McIntosh, Peter Craig
This thesis is testing Regulation Theory’s expectations of capitalist evolution from a Fordist to a post-Fordist accumulation regime in relation to the establishment of neo-liberal political-economic governance practices by the Kennett Government in Victoria between 1992 and 1999. The thesis will test the veracity of Regulation Theory’s expectations and uncertainties about a post-Fordist institutional fix to the boom/bust cycle of capitalism. Through a series of interviews with strategic participants in Victoria’s political-economy of the time, and with a catalogue of the neoliberal actions, policies and approaches of the Kennett Government, the two arms of Regulation Theory (the regime of accumulation and the mode of social regulation) will be tested and interpreted against the implementation procedures undertaken by the Kennett Government in its attempt to establish a neo-liberal revolution in Victoria. This will involve two different approaches to match the two arms of Regulation Theory. The first will entail an analysis of the Kennett Government’s neo-liberal policies, actions and political strategies supported by the second approach which will draw on a critical discourse analysis of Premier Kennett’s speeches in the form of his Address to the State Council of the Liberal Party (this is a series of addresses given throughout a year to the party hierarchy which catalogues the achievements of the political year against the background of the political philosophy that informed the decisions that were made in that year). This first stage analysis will demonstrate the government’s attitude and role in facilitating the putative development of a new regime of accumulation (in this case neo-liberalism). Secondly, the interview material (together with the Kennett Addresses) gathered from a number of key players in Victoria’s political economy from inside and outside the government (including government ministers, backbenchers, political advisors, past Premiers, Union leaders, bureaucrats and business people) will be used to measure the extent to which the second arm of Regulation Theory, the mode of social regulation, was able to offer support to the regime of accumulation process in an attempt to successfully embed (or otherwise) a new form of capitalist accumulation practice in Victoria. If an accommodation between the two arms of Regulation Theory can be shown to have occurred through this research and during the time of the Kennett Government’s term of office then there will be tentative support for its ability to explain the embedding of post-Fordist capitalism in a regional Australian state. In anticipation of equivocal or tentative results, consideration was also given to the agency affect of Premier Jeff Kennett, as an alternative explanation for the outcome of this experience of neo-liberal governance.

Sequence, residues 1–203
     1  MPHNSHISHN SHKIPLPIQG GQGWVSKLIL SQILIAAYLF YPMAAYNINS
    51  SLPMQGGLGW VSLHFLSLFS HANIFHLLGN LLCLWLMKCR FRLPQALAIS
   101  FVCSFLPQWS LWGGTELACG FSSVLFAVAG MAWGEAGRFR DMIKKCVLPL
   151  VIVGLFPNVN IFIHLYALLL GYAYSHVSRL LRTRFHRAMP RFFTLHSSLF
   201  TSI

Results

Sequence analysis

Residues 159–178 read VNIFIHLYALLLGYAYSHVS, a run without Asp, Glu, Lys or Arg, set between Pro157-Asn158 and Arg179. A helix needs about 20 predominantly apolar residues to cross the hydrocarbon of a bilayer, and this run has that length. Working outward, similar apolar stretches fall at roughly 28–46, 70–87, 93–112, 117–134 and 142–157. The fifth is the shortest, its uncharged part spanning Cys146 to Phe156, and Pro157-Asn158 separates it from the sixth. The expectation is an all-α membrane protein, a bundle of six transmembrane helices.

Copyright © 2010 Peter Craig McIntosh.
A thesis submitted in fulfilment of the requirement for the degree Doctor of Philosophy, Swinburne University of Technology, 2010.